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Vista Outdoors has results for HST and Gold Dots through gel, plywood, windshield glass, and a steel plate...9mm Gold Dot beats Gold Dot 357mag in two of those. Worth checking out.
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Old January 3, 2021, 06:49 AM   #41
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a bit of 10mm experience

If you are buying 'defense' ammo for your 10mm either DoubleTap or BuffaloBore.

Most highly recommend, if shooting people as a civilian, choices include the 135g and 155g only.
The bitch-slappiness of a 135g going 1500--1800fps can not be overstated; can NOT.
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Old January 3, 2021, 12:28 PM   #42
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The context is critical.

Most often, the context is the FBI penetration tests. The thing about the FBI penetration tests is that they provide a hard threshold. Pass the threshold and the FBI (and therefore most of American LE as well as a lot of the people who follow the FBI's lead) consider that ammunition to be suitable personal defense. If the threshold isn't met then the round isn't considered suitable for personal defense.

So, let's take 3 handgun calibers, A, B, and C.

Let's say that A and B vary only slightly in terms of energy, momentum, and bullet diameter but A can not meet the threshold established by the FBI's testing protocol.

Let's say that B and C are quite different in terms of energy, momentum, and bullet diameter and both meet the threshold established by the FBI's testing protocol.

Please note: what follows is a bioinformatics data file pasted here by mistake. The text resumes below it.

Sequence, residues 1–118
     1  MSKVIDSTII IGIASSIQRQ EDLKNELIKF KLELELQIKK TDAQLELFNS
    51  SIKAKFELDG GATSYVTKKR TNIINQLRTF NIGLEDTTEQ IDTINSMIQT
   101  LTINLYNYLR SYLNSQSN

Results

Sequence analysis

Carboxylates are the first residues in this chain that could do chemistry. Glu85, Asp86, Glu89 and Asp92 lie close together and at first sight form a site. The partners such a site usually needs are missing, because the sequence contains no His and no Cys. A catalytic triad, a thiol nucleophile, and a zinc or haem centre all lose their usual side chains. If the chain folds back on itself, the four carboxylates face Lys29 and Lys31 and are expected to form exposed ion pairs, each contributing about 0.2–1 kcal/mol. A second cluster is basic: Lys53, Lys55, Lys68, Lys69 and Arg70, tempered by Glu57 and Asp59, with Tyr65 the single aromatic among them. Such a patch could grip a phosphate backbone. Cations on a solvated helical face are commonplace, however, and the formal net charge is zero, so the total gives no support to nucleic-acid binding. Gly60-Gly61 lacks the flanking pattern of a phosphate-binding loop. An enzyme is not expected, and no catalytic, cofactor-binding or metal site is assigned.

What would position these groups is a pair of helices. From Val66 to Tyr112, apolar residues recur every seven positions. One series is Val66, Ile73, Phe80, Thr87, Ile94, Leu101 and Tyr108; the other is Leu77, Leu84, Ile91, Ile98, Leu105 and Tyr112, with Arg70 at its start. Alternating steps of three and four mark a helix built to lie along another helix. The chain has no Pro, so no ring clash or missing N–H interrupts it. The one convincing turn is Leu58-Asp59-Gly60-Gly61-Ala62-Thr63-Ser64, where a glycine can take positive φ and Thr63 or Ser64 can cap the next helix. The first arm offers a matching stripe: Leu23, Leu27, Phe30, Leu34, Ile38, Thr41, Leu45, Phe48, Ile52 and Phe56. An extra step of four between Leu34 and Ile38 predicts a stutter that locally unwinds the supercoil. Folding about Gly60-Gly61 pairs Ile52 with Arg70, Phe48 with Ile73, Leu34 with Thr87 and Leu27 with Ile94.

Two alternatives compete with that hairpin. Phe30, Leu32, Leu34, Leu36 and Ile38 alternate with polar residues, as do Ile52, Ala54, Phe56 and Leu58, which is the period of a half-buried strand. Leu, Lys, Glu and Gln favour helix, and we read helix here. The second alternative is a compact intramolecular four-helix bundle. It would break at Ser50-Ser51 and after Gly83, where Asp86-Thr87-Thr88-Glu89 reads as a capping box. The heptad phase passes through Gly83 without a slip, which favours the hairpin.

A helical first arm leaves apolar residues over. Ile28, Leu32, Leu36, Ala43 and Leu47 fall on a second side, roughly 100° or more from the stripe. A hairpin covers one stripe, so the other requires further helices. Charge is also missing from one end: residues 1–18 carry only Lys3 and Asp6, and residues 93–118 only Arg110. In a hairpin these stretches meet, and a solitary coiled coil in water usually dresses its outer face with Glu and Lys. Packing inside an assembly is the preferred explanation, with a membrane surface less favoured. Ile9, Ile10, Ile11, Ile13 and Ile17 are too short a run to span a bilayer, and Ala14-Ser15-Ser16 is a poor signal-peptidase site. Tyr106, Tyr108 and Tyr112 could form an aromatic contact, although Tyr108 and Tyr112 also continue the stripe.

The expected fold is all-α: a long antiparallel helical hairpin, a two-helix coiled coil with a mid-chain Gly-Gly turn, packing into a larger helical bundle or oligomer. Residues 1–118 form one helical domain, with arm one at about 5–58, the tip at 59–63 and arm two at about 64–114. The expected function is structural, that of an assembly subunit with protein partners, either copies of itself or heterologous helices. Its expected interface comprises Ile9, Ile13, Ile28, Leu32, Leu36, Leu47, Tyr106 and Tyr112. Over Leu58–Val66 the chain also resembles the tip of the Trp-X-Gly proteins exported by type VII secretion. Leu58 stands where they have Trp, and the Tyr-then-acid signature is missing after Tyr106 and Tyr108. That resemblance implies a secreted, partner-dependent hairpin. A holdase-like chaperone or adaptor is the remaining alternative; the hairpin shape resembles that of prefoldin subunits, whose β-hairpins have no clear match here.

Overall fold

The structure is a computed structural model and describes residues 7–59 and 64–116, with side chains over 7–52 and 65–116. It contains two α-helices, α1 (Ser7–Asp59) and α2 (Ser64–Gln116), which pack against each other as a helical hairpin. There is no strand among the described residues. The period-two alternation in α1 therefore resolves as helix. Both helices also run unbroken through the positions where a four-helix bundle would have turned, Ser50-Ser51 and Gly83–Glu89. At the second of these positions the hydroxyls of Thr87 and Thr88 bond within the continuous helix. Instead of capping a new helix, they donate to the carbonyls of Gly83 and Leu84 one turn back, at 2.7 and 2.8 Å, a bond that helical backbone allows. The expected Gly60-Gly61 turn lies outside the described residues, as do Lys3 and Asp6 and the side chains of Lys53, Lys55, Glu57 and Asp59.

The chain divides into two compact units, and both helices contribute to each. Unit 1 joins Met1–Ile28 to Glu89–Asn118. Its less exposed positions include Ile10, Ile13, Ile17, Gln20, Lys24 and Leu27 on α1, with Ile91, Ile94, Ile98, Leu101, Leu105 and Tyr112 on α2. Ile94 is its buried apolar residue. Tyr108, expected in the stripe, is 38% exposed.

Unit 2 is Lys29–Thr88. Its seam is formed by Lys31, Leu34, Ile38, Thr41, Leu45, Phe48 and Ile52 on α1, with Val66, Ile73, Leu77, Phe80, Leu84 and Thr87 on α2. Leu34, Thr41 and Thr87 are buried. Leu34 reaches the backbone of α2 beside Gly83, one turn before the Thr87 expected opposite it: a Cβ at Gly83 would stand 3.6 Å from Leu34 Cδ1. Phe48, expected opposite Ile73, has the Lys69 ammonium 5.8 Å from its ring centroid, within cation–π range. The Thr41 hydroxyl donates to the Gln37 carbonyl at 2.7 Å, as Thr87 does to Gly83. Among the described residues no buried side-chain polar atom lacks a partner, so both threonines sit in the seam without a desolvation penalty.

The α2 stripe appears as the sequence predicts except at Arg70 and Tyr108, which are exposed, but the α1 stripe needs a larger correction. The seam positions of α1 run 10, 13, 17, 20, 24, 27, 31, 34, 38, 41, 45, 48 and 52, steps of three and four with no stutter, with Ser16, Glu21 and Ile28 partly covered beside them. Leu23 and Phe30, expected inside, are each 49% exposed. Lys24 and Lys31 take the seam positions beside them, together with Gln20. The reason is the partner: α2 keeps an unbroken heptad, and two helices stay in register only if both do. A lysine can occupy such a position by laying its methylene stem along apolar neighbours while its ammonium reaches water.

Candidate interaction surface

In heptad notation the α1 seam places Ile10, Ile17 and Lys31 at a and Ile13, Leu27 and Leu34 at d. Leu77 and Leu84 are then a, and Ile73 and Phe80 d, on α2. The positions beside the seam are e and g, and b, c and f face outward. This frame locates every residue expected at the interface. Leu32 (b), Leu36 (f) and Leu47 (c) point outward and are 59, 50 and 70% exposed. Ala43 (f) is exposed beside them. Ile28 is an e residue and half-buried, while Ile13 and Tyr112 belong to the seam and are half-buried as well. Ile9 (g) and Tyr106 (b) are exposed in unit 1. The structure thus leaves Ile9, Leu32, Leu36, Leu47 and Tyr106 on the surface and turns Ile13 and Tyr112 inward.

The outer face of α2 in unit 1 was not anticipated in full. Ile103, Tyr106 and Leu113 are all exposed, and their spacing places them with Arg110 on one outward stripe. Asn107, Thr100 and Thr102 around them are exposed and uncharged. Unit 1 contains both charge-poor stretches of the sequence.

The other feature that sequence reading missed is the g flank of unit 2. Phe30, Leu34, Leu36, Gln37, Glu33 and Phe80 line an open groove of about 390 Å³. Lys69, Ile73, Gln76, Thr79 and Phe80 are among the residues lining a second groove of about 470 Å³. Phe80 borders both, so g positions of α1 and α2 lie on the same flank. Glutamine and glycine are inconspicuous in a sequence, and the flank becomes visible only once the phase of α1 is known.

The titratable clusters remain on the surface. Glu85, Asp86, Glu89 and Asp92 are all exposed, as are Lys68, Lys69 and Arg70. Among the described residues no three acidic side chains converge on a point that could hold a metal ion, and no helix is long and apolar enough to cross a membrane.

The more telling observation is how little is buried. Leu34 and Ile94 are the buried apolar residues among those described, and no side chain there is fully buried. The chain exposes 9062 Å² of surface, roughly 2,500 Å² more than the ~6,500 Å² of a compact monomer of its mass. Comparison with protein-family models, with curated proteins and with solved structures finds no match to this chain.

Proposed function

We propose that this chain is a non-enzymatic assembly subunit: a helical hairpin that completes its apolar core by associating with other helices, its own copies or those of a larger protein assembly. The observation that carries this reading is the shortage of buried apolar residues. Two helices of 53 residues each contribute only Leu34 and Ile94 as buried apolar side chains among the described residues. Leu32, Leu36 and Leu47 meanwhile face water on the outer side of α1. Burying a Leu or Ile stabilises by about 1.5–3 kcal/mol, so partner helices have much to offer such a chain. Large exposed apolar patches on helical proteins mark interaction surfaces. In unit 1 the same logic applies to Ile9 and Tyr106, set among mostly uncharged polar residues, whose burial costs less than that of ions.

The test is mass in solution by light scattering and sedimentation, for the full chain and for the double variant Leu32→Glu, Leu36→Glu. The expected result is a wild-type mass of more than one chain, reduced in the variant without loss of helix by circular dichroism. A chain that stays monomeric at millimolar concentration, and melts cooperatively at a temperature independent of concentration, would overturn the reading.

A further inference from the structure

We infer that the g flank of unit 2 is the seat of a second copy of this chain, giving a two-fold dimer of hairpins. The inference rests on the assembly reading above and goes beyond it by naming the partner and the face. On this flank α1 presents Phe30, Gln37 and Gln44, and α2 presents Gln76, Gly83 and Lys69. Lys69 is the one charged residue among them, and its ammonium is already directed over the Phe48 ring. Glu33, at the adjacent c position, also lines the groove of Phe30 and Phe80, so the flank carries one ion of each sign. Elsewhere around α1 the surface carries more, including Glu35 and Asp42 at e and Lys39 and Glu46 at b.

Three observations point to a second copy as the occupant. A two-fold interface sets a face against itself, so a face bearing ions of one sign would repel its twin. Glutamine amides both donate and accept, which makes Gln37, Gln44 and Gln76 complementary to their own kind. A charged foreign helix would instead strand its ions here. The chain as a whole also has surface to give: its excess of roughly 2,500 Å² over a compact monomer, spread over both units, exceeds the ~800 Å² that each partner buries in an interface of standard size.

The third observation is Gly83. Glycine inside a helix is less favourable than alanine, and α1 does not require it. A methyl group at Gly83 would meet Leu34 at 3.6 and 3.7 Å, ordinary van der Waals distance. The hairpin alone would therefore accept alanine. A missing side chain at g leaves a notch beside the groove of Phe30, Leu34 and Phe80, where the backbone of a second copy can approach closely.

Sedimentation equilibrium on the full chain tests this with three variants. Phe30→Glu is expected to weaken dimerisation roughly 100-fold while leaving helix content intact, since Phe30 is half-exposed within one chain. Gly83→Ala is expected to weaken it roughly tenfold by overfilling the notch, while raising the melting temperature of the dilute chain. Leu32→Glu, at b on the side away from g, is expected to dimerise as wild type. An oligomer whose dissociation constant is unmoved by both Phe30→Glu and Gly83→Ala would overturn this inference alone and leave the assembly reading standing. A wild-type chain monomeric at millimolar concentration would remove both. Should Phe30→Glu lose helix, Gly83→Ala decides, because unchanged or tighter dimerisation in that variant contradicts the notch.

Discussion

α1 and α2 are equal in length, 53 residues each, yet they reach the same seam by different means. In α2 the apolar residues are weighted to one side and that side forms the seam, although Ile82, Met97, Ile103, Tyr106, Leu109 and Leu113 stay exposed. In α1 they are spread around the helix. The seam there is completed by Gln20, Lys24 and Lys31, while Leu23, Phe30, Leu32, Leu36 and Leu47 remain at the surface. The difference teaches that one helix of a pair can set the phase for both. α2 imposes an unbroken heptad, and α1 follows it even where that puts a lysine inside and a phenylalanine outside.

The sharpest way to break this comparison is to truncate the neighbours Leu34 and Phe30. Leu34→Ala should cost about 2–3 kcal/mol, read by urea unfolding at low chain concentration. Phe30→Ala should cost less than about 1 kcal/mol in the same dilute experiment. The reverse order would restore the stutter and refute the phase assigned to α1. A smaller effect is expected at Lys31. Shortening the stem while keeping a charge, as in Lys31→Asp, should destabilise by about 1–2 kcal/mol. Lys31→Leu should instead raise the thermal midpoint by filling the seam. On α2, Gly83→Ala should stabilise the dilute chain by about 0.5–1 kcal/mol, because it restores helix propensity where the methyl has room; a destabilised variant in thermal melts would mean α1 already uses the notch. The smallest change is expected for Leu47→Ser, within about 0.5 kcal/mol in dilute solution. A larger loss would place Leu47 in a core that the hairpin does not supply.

Then A would be considered to be unsuitable for personal defense even though it's quite similar to B.

Both B and C would be considered suitable for personal defense even though they are quite different from each other in just about every way possible. Does that mean they are considered to be equivalent? No, it means they are both considered to be sufficient.
That is an overly simplistic view. One sadly perpetuated by fans of jello testing as a sole tool for determining the best ammo. Of course, I would be remiss if I did not mention that the bullet is really a very small percentage of the total solution.

Bullet construction is equally as important as is energy, caliber or bullet diameter, within reason.

A couple of cases in point. LAPD Officer Lim was shot piont blank in the chest with a 110 grain Winchester 357 magnum. The bullet went thru her heart. Had that been a Remington bullet she likely would have not survived. Why you ask? The Winchester held together, similar to a bonded bullet, A Remington with its thin semi jacket is known to fragment.

A friend of mine shot a carjacker with a +P 45 ACP 230 grn Gold Dot, which literally blew a 3/4" hole thru his heart. He expired after running three blocks.

Long before the FBI protocol was a thing the 357 magnum was working with boring regularity. Even with the FBI protocol people are still soaking up multitudes of service pistol bullets.